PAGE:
leopard gecko

What NOT to do With Your Pet Leopard Gecko

Though leopard geckos are considered docile and easy-to-maintain pets, there are,of course, a number of do’s and don’ts. Environmental factors, certain food choices, and the caretaker’s lack of understanding of the gecko can all cause stress and even illness to the gecko. Understanding the necessities and learning about the important factors of taking care of a gecko should keep your pet happy and healthy. 

Poor Lighting

As cold blooded creatures, they naturally require lots of warmth and light. Having adequate lighting does not necessarily mean very bright lighting. Instead, consider UVB light bulbs. UVB bulbs are used to help geckos produce vitamin 3D, which is mandatory to bone growth and bone health. One thing to watch out for is the light cycle, considering how important lighting is to geckos, recreating a natural light cycle is a good idea. For example, using a timed reptile terrarium extension cord to turn the lights on and off at designated times may create a natural light environment for your gecko. Having too much or too less lighting can both stress your gecko out, to avoid this, a solution to this is by purchasing or creating a small hide or dark area for the gecko to hide from illumination.  

Lack of Clean Water

Like any animal, water is essential to a gecko’s health. There should always be easy access and availability of water. Using a shallow bowl for water will allow your gecko to easily get access to water. It is advisable to clean the container used to hold the water often, ensuring there is no harmful bacteria. There is no alternative to having a clean bowl of water for your gecko, as having dirty water can formulate bacteria, which is often the cause for many zoonotic diseases. 

Housing Two or More Geckos Together

There is often controversy with this topic, however, it is heavily agreed upon to avoid housing two or more male geckos together. Leopard geckos for example are highly territorial, and will very likely fight. One gecko may be weaker, and ultimately become the target, or prey. It is common for fighting geckos to not only lose the battle, but also lose their tails as well. Housing two female geckos is the safest option, though not completely safe. A single gecko already requires lots of space and a relatively big enclosure, to have a second gecko in the same enclosure, it is recommended to have an enclosure twice the size. Additionally, if the geckos vary in size, the bigger gecko might try to monopolize the food, causing the other to be malnourished. If one gecko develops an illness, it is likely to spread to the other gecko living among each other. The best way to avoid this, is to simply house the geckos separately.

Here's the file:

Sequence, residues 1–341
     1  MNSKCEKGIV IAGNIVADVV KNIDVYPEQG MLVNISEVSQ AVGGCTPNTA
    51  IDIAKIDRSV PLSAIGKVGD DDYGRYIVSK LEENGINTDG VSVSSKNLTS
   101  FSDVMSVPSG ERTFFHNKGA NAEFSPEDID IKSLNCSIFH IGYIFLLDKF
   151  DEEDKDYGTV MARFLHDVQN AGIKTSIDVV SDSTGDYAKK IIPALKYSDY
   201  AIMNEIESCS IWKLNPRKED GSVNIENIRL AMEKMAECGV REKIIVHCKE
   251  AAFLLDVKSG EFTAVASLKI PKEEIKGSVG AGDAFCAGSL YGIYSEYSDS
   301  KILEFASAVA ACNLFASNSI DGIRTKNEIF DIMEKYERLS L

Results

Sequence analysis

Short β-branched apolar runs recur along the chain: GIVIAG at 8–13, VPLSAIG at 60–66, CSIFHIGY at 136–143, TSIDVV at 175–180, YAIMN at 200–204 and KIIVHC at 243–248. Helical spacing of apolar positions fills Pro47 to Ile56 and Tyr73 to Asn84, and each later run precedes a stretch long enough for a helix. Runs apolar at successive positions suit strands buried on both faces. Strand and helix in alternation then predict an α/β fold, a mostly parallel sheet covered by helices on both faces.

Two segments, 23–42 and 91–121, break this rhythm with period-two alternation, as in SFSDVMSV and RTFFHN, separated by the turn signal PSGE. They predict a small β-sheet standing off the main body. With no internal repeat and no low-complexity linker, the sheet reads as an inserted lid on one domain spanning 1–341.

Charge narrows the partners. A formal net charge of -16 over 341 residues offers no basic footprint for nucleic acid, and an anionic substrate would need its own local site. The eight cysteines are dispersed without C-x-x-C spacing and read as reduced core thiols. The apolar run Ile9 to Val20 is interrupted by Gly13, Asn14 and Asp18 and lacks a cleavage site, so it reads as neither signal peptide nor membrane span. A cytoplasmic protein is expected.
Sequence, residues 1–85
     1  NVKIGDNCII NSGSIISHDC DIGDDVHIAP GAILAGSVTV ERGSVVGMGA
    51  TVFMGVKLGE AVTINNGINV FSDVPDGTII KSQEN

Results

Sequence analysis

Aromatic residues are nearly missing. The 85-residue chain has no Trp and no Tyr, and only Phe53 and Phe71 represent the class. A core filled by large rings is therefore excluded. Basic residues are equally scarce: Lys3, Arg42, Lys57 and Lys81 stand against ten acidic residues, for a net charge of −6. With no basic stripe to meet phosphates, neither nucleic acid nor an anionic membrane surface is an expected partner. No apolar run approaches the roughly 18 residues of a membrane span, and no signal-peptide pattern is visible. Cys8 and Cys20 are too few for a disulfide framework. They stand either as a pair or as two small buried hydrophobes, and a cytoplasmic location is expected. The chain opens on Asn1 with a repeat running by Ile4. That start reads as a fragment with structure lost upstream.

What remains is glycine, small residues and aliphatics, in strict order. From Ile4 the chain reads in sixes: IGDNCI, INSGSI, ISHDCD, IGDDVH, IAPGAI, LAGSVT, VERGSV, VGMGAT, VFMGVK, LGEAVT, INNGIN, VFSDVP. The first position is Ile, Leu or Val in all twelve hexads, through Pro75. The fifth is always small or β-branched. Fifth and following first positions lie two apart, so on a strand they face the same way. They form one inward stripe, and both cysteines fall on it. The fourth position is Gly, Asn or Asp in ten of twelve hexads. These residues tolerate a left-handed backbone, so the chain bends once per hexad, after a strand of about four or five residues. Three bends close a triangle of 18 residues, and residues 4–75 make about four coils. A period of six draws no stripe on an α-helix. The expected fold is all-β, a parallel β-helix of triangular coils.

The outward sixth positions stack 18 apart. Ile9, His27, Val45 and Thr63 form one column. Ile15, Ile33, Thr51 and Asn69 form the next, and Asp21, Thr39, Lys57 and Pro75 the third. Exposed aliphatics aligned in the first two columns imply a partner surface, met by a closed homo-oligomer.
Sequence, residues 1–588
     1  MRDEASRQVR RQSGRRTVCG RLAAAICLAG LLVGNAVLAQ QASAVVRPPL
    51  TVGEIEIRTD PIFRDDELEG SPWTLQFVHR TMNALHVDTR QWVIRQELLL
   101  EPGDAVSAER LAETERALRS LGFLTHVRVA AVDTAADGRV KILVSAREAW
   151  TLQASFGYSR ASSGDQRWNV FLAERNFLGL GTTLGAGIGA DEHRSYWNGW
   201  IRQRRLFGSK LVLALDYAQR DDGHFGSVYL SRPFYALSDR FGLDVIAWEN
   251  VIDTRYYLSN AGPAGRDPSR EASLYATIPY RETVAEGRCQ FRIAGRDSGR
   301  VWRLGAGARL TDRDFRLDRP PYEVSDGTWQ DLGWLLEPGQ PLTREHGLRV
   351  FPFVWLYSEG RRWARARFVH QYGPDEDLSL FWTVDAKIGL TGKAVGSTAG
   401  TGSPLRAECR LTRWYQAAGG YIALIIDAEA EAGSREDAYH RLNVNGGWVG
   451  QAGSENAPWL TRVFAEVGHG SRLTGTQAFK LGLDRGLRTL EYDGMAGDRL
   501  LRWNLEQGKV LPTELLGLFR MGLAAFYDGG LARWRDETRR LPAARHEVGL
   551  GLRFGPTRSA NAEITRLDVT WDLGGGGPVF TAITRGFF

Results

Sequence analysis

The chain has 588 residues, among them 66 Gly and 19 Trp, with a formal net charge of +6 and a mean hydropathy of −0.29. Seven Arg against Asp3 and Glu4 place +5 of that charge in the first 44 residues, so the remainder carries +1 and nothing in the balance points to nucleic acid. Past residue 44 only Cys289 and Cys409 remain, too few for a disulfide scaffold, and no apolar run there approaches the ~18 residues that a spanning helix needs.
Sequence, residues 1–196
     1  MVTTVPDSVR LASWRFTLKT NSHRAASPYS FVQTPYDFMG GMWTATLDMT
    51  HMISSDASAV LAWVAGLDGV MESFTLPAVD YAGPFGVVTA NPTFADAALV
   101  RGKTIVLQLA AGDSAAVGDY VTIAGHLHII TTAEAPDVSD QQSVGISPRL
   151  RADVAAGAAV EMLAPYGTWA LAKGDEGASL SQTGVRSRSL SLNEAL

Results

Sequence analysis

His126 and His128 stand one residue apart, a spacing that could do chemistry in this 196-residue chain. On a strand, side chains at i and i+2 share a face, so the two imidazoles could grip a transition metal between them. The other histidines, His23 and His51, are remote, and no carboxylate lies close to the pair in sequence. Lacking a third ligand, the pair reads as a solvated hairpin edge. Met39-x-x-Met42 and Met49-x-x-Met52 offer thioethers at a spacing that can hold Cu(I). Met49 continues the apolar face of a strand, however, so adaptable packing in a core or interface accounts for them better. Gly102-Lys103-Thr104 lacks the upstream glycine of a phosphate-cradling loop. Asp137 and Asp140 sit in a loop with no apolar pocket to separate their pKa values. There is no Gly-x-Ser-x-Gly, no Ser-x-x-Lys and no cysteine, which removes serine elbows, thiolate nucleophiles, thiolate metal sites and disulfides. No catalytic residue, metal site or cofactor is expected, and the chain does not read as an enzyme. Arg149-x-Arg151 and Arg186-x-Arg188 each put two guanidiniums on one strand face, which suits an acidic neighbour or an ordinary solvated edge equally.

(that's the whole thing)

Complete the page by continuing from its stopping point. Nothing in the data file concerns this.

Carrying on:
With this in mind, your gecko should be living healthily. These factors are relatively easy to avoid, so your gecko can live happily without stress. Your gecko should always have adequate lighting to warm itself and recreate the natural light cycle, easy access to clean water, and a safe and large enclosure without any threats or harmful predators. 

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